Background: According to the adenoma-carcinoma concept, all colorectal adenomas are to be removed and all patients have to undergo regular surveillance examinations. But there is still shortage on information on the long-term results of follow-up colonoscopy after polypectomy.
Methods: Between 1978 and 2003, more than 20,000 polyps were prospectively documented at the Erlangen Registry of Colorectal Polyps. A total of 1,091 patients undergoing periodic surveillance examinations are studied for differences between initial and metachronous lesions of the colorectum. Statistical analysis using chi (2)-testing of adenoma characteristics found in four subsequent recurrence periods and calculation of the relative risk (RR) for the development of metachronous adenomas of advanced pathology was performed.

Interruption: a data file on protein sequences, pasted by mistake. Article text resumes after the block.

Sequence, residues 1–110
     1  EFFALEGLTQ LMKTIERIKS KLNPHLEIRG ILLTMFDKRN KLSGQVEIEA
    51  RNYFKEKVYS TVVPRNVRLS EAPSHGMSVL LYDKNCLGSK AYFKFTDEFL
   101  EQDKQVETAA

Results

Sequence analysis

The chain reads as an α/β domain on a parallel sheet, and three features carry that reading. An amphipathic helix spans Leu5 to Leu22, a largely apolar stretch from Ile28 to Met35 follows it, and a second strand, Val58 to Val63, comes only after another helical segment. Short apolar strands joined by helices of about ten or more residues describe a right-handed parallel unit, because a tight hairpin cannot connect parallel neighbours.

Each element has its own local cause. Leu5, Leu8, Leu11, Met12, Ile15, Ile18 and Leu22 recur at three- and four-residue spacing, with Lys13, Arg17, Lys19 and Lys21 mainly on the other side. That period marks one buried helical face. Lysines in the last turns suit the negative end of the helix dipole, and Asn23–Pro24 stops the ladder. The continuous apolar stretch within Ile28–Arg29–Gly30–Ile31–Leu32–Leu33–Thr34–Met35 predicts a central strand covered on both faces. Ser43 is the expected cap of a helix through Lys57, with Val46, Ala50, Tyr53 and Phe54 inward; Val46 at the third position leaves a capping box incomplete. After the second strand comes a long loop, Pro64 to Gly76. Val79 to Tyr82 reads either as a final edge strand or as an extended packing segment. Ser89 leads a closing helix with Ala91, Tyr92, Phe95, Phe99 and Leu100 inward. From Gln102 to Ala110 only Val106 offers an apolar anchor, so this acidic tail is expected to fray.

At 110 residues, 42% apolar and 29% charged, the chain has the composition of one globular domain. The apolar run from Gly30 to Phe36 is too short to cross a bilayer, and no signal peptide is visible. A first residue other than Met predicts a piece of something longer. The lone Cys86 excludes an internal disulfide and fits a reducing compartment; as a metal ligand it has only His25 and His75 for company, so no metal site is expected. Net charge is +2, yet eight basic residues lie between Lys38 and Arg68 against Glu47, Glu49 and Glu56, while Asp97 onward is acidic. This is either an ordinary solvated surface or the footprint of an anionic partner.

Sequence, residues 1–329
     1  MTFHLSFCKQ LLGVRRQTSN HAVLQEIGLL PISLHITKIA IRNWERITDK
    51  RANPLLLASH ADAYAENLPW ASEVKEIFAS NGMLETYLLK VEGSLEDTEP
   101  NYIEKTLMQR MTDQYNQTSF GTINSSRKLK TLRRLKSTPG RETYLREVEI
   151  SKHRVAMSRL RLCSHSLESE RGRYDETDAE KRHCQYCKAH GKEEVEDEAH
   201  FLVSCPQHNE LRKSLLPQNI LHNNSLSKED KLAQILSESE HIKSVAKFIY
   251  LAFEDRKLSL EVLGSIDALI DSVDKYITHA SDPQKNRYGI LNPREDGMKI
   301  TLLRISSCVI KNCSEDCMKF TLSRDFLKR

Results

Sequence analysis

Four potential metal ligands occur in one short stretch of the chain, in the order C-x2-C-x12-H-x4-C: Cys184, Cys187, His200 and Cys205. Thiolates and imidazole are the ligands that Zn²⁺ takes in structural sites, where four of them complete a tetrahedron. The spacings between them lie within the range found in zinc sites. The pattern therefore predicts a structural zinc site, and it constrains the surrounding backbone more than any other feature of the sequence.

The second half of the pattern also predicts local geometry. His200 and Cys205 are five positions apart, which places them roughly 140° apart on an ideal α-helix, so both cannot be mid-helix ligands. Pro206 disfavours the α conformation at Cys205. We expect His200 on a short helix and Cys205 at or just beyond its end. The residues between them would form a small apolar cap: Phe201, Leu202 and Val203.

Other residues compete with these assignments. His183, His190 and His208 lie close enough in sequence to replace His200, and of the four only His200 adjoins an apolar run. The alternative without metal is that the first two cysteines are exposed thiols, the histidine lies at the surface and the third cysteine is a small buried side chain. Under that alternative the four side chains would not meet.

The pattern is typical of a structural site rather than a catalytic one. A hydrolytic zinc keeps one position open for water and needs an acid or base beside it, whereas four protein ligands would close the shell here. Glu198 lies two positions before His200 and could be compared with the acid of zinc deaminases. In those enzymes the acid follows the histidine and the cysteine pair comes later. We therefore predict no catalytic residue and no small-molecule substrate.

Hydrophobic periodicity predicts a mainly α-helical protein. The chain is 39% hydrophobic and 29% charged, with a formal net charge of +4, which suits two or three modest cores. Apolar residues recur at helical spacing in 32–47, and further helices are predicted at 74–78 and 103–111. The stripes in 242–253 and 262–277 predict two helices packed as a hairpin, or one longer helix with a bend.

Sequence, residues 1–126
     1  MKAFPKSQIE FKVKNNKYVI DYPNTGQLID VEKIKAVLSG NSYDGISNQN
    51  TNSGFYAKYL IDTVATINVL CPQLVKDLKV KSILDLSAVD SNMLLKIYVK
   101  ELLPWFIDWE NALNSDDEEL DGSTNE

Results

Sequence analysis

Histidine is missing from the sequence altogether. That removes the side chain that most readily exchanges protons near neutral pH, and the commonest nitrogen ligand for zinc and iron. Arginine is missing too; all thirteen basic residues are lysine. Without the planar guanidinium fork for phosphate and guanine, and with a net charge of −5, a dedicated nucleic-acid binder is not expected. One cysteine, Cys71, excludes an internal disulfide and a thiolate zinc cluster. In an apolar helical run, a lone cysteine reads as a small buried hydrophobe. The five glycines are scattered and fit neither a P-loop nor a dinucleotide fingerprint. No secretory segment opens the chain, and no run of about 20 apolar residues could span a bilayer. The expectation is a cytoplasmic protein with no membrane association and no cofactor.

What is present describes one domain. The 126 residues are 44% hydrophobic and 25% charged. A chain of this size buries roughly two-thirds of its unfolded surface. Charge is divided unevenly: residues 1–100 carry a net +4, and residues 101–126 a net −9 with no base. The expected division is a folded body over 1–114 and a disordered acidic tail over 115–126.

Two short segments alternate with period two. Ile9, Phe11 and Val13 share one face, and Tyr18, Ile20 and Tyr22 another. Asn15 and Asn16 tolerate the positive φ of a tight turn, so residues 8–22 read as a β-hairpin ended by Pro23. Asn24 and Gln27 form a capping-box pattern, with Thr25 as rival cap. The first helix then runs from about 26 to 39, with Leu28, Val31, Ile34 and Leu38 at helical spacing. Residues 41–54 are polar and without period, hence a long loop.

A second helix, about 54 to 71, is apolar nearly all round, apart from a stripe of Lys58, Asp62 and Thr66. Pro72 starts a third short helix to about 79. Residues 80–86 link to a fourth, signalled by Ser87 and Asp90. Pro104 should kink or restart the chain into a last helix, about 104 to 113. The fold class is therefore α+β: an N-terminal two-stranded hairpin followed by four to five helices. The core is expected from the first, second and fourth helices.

Results: In comparison with the initial findings, metachronous adenomas are, in general, significantly smaller ones (p < 0.00001), more frequently tubular lesions (p < 0.00001) and bearing less often high-grade dysplasia (p < 0.00001). Adenomas of advanced pathology were significantly less often found during follow-up than at baseline examination (p < 0.0001). These differences are found between the initial and four subsequent generations of metachronous adenomas. Patients with adenomas of advanced pathology at baseline have a significantly higher risk for metachronous adenomas of advanced pathology (RR 1.51; 95%CI 1.04-1.93) at the first recurrence.
Conclusions: Metachronous adenomas show uniform characteristics of being small tubular lesions rarely bearing high-grade dysplasia. Thus, regular surveillance examinations can provide sufficient colorectal carcinoma prevention.